Politics & Government

Prudential cashes in by investing death benefits of slain soldiers

When Prudential Financial Inc. invests the death benefits owed to survivors of soldiers killed in battle, the money comes from a source with deep pockets: the federal government.

After a U.S. soldier dies in combat – including the more than 4,000 service members who have been killed in Iraq and Afghanistan – the Department of Veterans Affairs sends Prudential the full amount of each family’s life insurance coverage, usually $400,000.

The government has paid Prudential $1.7 billion for these benefits since 2003, when the war in Iraq began, according to information provided by the VA. Prudential holds that taxpayer money, invests it and reaps the gains.

Here’s how it works: If survivors request a lump-sum payment of the death benefit, Prudential opens a so-called retained-asset account, a quasi-checking account that allows families to draw money when they’re ready to spend it.

Until the money is used, it stays in Prudential’s corporate account. There, the insurer invests the funds, mostly in bonds, making returns as much as eight times higher than what it is paying out to holders of the retained-asset account.

What this means is that Prudential is investing – and profiting from – death benefits owed to the families of slain soldiers, using money provided by the U.S. government.

“They have what appears to be a nice sweetheart deal with the federal government,” says Michael Powers, professor of risk management and insurance at Temple University in Philadelphia. “This strikes me as the same sort of thing as those classic stories of the government paying hundreds of dollars for a wrench or a toilet seat.”

Ninety-five percent of survivors paid by Prudential ask for lump-sum payments, the VA says. Since 1999, Prudential has sent out more than 60,000 Alliance Account checkbooks, instead of checks, covering more than $7 billion in death benefits when families asked for full payouts.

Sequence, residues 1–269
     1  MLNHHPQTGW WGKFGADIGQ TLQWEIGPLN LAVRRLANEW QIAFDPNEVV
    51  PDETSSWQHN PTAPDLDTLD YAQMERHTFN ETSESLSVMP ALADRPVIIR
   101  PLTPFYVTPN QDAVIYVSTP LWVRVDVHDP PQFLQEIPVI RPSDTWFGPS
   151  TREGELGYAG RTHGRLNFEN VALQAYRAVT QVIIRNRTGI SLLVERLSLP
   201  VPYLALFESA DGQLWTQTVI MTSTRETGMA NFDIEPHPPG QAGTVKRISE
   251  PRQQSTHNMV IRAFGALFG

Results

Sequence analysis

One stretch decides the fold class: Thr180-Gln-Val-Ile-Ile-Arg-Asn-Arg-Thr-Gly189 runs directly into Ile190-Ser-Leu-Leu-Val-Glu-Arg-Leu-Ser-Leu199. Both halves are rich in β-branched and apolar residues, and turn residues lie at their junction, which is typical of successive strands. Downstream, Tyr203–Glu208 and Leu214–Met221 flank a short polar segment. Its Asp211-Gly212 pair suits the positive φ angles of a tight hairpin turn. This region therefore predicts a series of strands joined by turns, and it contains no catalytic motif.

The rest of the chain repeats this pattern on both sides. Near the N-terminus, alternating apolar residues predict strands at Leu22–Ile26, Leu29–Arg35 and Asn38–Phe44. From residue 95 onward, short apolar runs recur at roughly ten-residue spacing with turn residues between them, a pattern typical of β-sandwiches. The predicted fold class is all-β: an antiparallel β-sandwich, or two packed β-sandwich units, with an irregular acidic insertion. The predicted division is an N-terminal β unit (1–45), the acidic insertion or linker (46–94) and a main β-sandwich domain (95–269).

On average, Prudential holds about 16 percent of survivors’ money for at least a year, according to Prudential. As of June 30, the company had $662 million belonging to military families in its general account, the VA says.

Prudential’s general account earned 4.2 percent in the first half of 2010, regulatory filings show. The company paid survivors holding Alliance Accounts 0.5 percent in the same period.

“It sure looks like the VA provided an ill-conceived giveaway, or that Prudential played the VA like a fool,” says Steven Schooner, co-director of the Government Procurement Law Program at George Washington University Law School in Washington. “It’s a lose-lose proposition for everyone but Prudential.”

Prudential spokesman Bob DeFillippo says the professor is wrong.

“Prudential assumes the vast majority of mortality risk for the participants,” he says. “We also assume all of the investment risk.” He declined to elaborate on what Prudential’s insurance and investment risks are.

The VA says it is taking steps to better help survivors.

Since July 28, when Bloomberg News first reported that Prudential sent checkbooks instead of checks to survivors requesting lump-sum payouts, state and federal officials have demanded the retained-asset system be investigated and reformed. The VA itself launched a probe of its life insurance program the day the first story was published.

The next day, New York Attorney General Andrew Cuomo launched what he called a “major fraud investigation” of Prudential and other life insurers.

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